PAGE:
We are commonly asked if “Sludge Pellets” really work. As with many things, the answer typically is “It depends.” Sludge Pellets, aka Muck Pellets, are a blend of bacteria and enzymes that work by breaking down organic material into smaller and smaller components. Will they make sludge completely disappear? Probably not. Think about it this way, if you have a compost pile, will it completely disappear after it is broken down? No, at best it will become a much smaller pile of compost. Pond sludge is the same thing. Depending on its composition, the best you can expect is for the pond sludge to break down into a smaller accumulation of debris. How well the Sludge Pellets will break it down depends on a number of factors.
The first thing to consider is what the sludge is made of. If it is a grainy sort of silt that accumulated from erosive runoff, then it probably is mainly inorganic material that will not break down well. The only thing that will get this sort of sludge out of the pond is excavation of some kind, and Sludge Pellets will do little to no good. However, if the sludge on the pond bottom accumulated from leaves, algae, weeds and other organic debris, then Sludge Pellets stand a good chance of working.
Obviously, the more material that gets into the pond, the more sludge that can build up. But there are other things that determine how bad the sludge becomes – the biggest factor being the amount of oxygen present in the water. During the summer a warm layer develops on top and a cold layer on the bottom in your typical pond. These layers normally will not mix again until late fall, and as a result the bottom layer runs out of oxygen because it is not exposed to the surface air. If there is no oxygen in this lower layer of water, then any organic material that drops to the bottom tends to accumulate rather than break down, because most beneficial organisms are not present without oxygen. However, if you introduce oxygen, then the beneficial organisms will follow, and the rate at which the material breaks down greatly increases. Therefore, in most situations, properly designed pond aeration is more effective at preventing organic sedimentation than Sludge Pellets alone. We tell our customers not to spend the money on Sludge Pellets unless they first aerate the pond. However, if you do both together, you can have even better results.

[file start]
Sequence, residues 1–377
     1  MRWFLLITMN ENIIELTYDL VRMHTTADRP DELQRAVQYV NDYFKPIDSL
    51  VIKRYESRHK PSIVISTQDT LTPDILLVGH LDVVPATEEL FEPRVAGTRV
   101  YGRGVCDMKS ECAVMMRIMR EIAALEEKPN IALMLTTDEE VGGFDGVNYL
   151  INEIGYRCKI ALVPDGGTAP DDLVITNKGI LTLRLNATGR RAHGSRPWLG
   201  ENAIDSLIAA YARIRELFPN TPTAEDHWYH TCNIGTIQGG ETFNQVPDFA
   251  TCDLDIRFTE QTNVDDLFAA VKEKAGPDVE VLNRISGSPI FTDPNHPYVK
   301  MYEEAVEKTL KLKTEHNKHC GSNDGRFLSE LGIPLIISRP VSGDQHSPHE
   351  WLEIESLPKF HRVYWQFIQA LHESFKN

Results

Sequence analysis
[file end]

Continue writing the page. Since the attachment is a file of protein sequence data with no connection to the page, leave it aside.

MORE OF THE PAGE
Another way that aeration can help with sludge control is by warming the bottom layer of water. Aeration works by sending the warm surface water to the bottom and the cold bottom water to the surface, thereby making water throughout the pond roughly equal temperature. This is important because the colder the water is, the less active natural sludge reducing organisms are. In fact, when water is below 55°F, very little decomposition occurs at all, and that’s why instructions for most Sludge Pellets say to apply when water is above that temperature.
So, what if you are unsure about the makeup of your pond sludge, or how well the pellets will work? In that case, we recommend buying a 10 lb bucket, which can treat a ¼ acre for 5 months, and setting up a test. Start by defining a 100’x100’ area, which is about ¼ acre, and measuring the sludge depths in several spots. An easy way to do this is to take a long pole or pipe, put it down in the water until you just feel the beginning of the sludge, and then measure how far down it sinks before hitting a more solid bottom. Record this information, do the treatments, and at the end of the season redo the measurements to see if you made any headway on the sludge, or at least held it in check.
Finally, which Sludge Pellets are best, and which are the best value? It is hard to say which are best because there is not much standardization within the industry. You really need to judge this based on results. Regarding the best value, you should compare how large of an area can be treated for how long, rather than how expensive a bucket of pellets is. For instance, our 50 lb box will treat 1-1/4 acre for 5 months. If you find a product that costs half as much, but will only treat 1 acre for 3 months, then it is not as good of a deal.
In summary, if you would like to treat the sludge at the bottom of your pond, we recommend the following:
- Make sure the sludge is made primarily of organic material, like leaves and algae
- Install an aeration system if you do not have one already
- If you are unsure how well Sludge Pellets will work, set up a test treatment with a 10 lb bucket
- Treat with Sludge Pellets for a full season when the water temperature is 55°F and above
- Check the depths of the sludge in your test area at the end of the season, and see if you made progress
One last thing to consider, when you are considering the effectiveness of the Sludge Pellets, you need to account for the new debris that continues to accumulate. In most cases, if your sludge depth does not increase, or if you make slight headway, then the pellets are working!